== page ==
The European Court of Justice (ECJ), in the case of British Gas v Lock, has held that holiday pay should not be limited to basic salary when the worker also earned commission as part of his/her remuneration.
British Gas v Lock was a case concerning a salesman (Mr Lock) on a basic salary with variable commission which was paid in arrears. Mr Lock's commission depended on the outcome of the work he undertook, i.e. the amount of sales he achieved. As such Mr Lock could not earn commission whilst on holiday and consequently would be financially worse off by taking it. He brought an employment tribunal claim for his 'lost' holiday pay as a result of taking holiday over December and January 2011.
The ECJ confirmed that holiday pay should not be limited to basic salary when the worker also earned commission as part of his/her remuneration.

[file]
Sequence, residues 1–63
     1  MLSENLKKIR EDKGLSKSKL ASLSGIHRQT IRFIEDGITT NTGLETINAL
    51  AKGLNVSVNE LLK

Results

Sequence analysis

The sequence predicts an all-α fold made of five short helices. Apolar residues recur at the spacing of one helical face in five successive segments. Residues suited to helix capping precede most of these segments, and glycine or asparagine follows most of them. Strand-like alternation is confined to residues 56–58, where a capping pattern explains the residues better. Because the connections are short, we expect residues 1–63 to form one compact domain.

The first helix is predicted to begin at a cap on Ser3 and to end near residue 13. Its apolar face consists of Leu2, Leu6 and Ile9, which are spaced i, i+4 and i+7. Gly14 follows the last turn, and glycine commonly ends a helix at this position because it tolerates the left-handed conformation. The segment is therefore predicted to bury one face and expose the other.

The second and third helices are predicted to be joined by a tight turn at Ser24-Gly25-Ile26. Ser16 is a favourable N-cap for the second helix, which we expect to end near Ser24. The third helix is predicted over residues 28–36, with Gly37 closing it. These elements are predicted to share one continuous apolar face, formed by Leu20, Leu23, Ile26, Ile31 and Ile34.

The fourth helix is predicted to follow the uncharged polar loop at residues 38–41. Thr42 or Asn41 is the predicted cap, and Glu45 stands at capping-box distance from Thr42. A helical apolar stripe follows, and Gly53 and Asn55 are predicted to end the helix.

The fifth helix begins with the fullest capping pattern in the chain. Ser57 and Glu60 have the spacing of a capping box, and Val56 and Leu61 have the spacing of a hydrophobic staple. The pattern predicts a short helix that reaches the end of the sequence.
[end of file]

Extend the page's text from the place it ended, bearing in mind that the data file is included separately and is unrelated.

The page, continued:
This case endorses the notion that where a worker's remuneration consists of a basic salary and other variable elements directly linked to work (i.e. commission), then holiday pay should be paid on the basis that a worker receives pay that is comparable to his or her usual pay.
Employers should review their holiday pay policies to ensure that any commission or similar types of payments are included in the holiday pay paid to their workers. A failure to do this may result in the worker bringing an Employment Tribunal claim against his or her employer for the ‘lost’ pay, as Mr Lock did in the case explained above.
For more information on how this case may affect your business, please contact a member of our Employment team.